Book #1 for 2012: By Nightfall by Michael Cunningham
Michael Cunningham brings another jewel to the table with his latest book, By Nightfall. The mention of 'Michael Cunningham' and his book in the same line would probably echo some familiar elements represented in his previous books: complexities, homo-eroticism and raw emotions.
And that's exactly why I always looked forward for his latest instalments.
By Nightfall is a story about a middle-age couple, Peter and Rebecca Harris, who lives in Manhattan. They have a life which normal people would envy: he's an art dealer and she's a magazine editor. Somehow, there's something hollow in their life and the presence of Rebecca's younger brother who's coming over to stay with them, the Yale dropout Mizzy (short for 'Mistake' or his real name Ethan), just cuts open the couple's silent trouble, particularly Peter's boring and banal life.
As the story progresses, the seemingly-contented Peter begins to realize how fast he has aged (he's 43 turning 44 years old) and somewhat begins to regret all the things that he had done or most importantly things he had not done. Mizzy's carefree life and his refusal of responsibility somewhat evoke a tinge of envy and admiration in Peter. Peter misses the time in his life when everything was so easy and he was surrounded by beauty - which is now lacking in his wife - that he begins to be attracted to Mizzy who resembles a younger version of Rebecca.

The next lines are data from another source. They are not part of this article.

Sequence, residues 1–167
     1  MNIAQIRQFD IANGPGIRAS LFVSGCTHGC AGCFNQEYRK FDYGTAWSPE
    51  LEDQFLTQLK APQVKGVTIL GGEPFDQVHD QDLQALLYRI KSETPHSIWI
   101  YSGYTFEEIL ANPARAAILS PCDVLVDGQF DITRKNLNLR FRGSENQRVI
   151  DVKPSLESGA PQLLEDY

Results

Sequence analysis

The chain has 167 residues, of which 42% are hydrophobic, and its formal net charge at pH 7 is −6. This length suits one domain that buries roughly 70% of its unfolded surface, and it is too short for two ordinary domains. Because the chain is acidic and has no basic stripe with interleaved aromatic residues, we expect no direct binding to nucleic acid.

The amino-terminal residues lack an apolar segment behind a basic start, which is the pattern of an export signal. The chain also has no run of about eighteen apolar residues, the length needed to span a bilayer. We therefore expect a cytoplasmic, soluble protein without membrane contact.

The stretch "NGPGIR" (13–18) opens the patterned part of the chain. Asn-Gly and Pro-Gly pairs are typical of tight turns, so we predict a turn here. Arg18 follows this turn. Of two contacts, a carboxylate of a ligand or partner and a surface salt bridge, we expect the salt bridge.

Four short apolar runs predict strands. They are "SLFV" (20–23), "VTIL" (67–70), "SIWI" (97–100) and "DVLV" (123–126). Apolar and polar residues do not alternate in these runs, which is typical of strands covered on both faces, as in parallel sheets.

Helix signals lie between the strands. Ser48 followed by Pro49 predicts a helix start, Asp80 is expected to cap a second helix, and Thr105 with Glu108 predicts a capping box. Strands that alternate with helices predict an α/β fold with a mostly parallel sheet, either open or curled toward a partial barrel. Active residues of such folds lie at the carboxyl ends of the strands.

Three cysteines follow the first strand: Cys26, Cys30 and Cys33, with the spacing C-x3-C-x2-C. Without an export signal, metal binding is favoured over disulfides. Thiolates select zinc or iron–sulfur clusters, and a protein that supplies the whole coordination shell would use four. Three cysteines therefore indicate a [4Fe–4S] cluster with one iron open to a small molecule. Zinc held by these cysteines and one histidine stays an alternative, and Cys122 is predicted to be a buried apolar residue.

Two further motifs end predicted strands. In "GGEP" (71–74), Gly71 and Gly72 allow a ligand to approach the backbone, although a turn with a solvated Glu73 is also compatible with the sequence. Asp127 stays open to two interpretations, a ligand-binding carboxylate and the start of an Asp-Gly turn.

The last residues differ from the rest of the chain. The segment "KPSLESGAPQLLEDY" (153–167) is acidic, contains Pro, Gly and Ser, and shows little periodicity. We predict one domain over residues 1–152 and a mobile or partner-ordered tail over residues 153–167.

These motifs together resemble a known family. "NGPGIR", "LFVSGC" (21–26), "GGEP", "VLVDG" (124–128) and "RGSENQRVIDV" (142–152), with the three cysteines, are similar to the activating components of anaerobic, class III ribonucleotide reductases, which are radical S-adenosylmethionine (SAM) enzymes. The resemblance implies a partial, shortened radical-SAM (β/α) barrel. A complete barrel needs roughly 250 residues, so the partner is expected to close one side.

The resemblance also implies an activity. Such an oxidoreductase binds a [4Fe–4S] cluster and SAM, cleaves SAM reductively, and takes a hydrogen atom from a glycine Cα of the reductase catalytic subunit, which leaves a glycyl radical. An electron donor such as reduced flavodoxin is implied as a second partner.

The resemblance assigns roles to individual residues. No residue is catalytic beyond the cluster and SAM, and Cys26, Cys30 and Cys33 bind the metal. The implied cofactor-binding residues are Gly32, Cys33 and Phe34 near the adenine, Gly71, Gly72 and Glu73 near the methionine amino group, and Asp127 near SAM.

Peter's contemplation about his life remains throughout the story and gets even more dizzying when he falls for Mizzy - only to be jilted. The final note of this story is when he gets back home to his wife, confesses that she feels the same way as he does and proposes to separate. Will they get divorce to finally be happy? That's for you to find out.
Homo-eroticism aside, By Nightfall does a great job at showing complexities of human's emotion and let's be blunt, it's nothing as straightforward as we would like it to be. Each part of the story telling is accompanied by an avid illustration of what's going on inside the character's mind - particularly Peter's, akin to Virginia Woolf's storytelling. It comes as no surprise since Woolf did have a great influence in Cunningham's writing.
In my own opinion, the most interesting sense in the book is how vain all of the characters are - like most of us, like it or not. Rebecca simply dotes on her younger brother Mizzy and chooses to think that everything will be just fine, everything will fall into places. In life, it doesn't work that way. That's why when Mizzy rips open the beautiful wrapper of their life, they begin to realize that 'happiness' and 'perfection' that they have all these years are only what they make-believe it to be. What's inside is nothing but fake.
I'm not a fan of Woolf/Cunningham's meticulous description of everything around every character in the book - I find it tiresome and more often than not, useless to read. However, I adore how he can pick simple everyday issues like this and put it out as raw as it is. I admire his skilled writing - simple, potent plots with a a very economic language and that's just what By Nightfall delivers.
I bought this one (paperback) from Times Pavilion at RM32.90.